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Dog guides as witnesses with specific reference to Miles and Houellebecq

dc.contributor.authorDu Toit, Catherineen_ZA
dc.date.accessioned2020-02-14T06:27:45Z
dc.date.available2020-02-14T06:27:45Z
dc.date.issued2018
dc.identifier.citationDu Toit, C. 2018. Dog guides as witnesses with specific reference to Miles and Houellebecq. Tydskrif vir Letterkunde, 55(3):35-45, doi:10.17159/2309-9070/tvl.v.55i3.5505
dc.identifier.issn2309-9070 (online)
dc.identifier.issn0041-476X (print)
dc.identifier.otherdoi:10.17159/2309-9070/tvl.v.55i3.5505
dc.identifier.urihttp://hdl.handle.net/10019.1/107475
dc.descriptionCITATION: Du Toit, C. 2018. Dog guides as witnesses with specific reference to Miles and Houellebecq. Tydskrif vir Letterkunde, 55(3):35-45, doi:10.17159/2309-9070/tvl.v.55i3.5505.
dc.descriptionThe original publication is available at https://journals.assaf.org.za/index.php/tvl
dc.description.abstractSince Wild Dog first crawled from the Wet Wild Woods and laid his head on Woman’s lap, he has helped man, not only to hunt and protect, but also as guide. A guide with enhanced senses in the physical world who could find a way across unmarked landscapes, a clever empathic being who could lead man to certain places or to specific individuals. No wonder then that the best-known ancient dog deities accompany humans as guides, often on their way to the afterlife. Dog guides—not to be confused with guide dogs—have remained a constant feature of the representation of dogs in literature, reflecting as much of the nature of these dogs as of the nature and needs of the humans they attend. In this way, the human-animal relationship also reveals how the solipsistic tendencies of human self-definition limits our capacity for being in the world. In the two contemporary novels that form the basis of my enquiry, La Possibilité d’une île (2005) by Michel Houellebecq and Op ’n dag, ’n hond (2016) by John Miles, the agency of dog guides introduces an intriguing element of distancing, reminding us that the self has meaning only in relation to another and that human concerns are not absolute.en_ZA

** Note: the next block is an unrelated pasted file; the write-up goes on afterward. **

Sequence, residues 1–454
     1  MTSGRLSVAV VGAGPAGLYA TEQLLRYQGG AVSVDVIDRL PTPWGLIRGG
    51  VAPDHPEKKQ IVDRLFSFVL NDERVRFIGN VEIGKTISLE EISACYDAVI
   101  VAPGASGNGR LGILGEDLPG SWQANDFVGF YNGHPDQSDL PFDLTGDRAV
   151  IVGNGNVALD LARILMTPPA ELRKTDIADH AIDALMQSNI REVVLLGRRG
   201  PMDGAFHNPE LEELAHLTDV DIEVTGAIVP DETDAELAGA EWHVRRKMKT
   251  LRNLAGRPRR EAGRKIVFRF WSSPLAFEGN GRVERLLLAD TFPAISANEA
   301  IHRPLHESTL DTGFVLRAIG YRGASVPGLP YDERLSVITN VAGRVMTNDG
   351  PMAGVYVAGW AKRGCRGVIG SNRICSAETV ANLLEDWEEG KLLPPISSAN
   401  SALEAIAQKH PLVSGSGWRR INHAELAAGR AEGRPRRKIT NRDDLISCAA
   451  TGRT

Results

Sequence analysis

dc.description.urihttps://journals.assaf.org.za/index.php/tvl/article/view/5505
dc.format.extent11 pages
dc.language.isoen_ZAen_ZA
dc.publisherVan Schaik Publishers
dc.subjectAnimal studiesen_ZA
dc.titleDog guides as witnesses with specific reference to Miles and Houellebecqen_ZA
dc.typeArticleen_ZA
dc.description.versionPublisher's version
dc.rights.holderVan Schaik Publishers


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